In praise of documentation

The business I ran before Mycelium was Portland Underground Grad School, a place where lifelong learners could keep learning and growing into who they wanted to be, for their entire lives. I founded it in 2014 and in four years, it grew to 75 courses and 900 students a year. In December 2018, I sold it, remaining on as a teacher (and student!).

In the transition to its new owner, an old lesson from E-Myth Revisited returned. E-Myth Revisited is one of the five top-selling business books of all time. If you’re a small business owner, it’s probably the first book you should read (or at least understand it; it’s poorly written). The “Entrepreneurial Myth” is that most people who start small businesses are entrepreneurs.

The fatal assumption is that an individual who understands the technical work of a business can successfully run a business that does that technical work.

It’s main point is that in order to run a successful small business, you have to stop being a Technician (someone good at their job) and become a Entrepreneur (someone who runs a business). Sound familiar?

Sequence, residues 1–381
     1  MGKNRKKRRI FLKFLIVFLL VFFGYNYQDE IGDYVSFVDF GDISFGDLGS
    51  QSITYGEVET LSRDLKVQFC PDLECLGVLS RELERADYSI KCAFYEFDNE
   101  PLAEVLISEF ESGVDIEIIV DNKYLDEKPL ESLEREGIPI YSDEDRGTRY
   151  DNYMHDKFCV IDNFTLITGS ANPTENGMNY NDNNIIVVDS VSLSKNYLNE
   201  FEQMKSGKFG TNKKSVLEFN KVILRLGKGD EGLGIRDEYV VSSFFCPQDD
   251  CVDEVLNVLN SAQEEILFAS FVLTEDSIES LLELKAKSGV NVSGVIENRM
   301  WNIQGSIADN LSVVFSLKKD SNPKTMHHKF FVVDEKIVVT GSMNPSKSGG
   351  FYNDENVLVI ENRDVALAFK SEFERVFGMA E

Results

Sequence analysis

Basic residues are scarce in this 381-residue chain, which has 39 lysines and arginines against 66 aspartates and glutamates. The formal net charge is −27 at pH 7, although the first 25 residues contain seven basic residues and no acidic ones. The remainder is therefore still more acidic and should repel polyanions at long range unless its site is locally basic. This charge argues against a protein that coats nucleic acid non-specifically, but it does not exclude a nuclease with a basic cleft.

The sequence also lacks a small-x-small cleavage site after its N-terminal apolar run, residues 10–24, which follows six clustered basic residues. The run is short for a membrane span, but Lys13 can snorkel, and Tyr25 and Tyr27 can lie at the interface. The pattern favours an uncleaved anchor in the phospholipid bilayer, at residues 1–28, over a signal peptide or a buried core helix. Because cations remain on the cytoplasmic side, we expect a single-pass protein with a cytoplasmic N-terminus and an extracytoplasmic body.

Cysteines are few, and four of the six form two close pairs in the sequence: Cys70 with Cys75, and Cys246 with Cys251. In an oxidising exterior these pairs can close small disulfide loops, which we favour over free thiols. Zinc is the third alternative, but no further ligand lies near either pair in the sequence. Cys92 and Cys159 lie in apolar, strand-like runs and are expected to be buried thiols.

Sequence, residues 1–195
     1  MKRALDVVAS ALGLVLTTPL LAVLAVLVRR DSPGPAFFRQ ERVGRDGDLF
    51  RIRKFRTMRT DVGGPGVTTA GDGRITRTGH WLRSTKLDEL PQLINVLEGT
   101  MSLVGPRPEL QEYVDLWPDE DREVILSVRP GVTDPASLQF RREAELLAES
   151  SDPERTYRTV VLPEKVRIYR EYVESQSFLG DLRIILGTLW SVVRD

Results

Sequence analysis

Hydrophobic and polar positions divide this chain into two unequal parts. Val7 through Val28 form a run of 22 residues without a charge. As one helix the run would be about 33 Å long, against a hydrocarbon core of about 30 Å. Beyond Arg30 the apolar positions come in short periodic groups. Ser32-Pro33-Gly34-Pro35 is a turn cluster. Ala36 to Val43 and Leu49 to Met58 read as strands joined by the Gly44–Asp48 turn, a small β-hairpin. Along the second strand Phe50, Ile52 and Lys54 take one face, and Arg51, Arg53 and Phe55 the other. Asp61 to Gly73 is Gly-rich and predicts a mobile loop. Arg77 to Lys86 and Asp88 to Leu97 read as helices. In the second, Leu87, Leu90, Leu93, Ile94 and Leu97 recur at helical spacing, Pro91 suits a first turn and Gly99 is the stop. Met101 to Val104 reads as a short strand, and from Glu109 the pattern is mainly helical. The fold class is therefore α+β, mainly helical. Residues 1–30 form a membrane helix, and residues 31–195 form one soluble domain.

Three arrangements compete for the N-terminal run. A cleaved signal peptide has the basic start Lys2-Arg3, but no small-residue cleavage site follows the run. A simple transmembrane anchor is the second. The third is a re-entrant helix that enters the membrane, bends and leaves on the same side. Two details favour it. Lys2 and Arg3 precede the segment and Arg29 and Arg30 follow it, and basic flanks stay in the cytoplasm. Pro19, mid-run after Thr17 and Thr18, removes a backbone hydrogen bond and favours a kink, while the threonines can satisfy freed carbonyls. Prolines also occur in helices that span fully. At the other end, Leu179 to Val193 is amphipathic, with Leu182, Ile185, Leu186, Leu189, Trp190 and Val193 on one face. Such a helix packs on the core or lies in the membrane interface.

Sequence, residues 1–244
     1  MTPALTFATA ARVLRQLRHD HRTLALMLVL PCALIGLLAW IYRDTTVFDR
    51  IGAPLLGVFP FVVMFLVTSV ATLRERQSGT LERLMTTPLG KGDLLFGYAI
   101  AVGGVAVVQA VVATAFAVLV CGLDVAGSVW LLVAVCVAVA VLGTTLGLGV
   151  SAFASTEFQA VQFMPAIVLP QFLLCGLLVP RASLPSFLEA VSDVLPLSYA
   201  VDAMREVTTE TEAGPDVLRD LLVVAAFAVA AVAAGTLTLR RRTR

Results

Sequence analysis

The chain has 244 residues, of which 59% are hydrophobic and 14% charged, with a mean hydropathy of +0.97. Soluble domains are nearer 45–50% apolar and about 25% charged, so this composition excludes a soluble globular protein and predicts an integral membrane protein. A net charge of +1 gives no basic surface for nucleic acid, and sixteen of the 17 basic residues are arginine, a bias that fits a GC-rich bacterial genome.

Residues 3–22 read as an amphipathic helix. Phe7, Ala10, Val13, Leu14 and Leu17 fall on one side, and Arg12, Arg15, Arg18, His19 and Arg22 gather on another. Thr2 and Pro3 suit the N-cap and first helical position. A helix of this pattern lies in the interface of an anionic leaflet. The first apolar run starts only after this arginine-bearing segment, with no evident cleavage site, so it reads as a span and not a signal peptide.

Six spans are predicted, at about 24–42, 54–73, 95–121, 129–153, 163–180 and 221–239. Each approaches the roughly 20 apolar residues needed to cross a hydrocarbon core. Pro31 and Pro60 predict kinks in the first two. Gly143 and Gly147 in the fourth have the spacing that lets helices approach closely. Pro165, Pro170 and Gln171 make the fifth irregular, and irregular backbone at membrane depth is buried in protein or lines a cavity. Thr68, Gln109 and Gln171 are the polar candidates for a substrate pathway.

One of the key insights of E-Myth Revisited is the operations manual.

Document everything that happens in your business and make it a process that can be replicated without you.

Break your business into simple steps and write them out clearly so that you can train other people to perform those steps. That way, you can grow your business to operate outside of your individual labor. There are $20/hour jobs, $200/hour jobs, and $2000/hour jobs. You want to create processes for others to do all the lower paying jobs so you can concentrate on the higher paying ones.

Due to that book, I created a PUGS operations manual very early on. Each PUGS coordinator read the manual when they started, used it as the instructions for their job, and edited it when they left. It improved over time. When I sold PUGS the manual was the template for the new owner to run the business.

And here’s the thing: what we documented is going well. Anything that was missing has caused the new owner a headache. For example the LinkedIn and email domain login information were not recorded and now together we have had to jump through hoops to re-establish them: hours spent today that could have been avoided by a simple record taking just minutes in the past.

Save all your accounts and logins in one place. Update it constantly. It’ll save you a world of grief in the future.

Documenting is part of the housekeeping that is hard to do when you’re juggling all the balls. But an entrepreneur keeps in mind the long-term goal of an independently operating business.  

A stitch in time saves nine.

- Douglas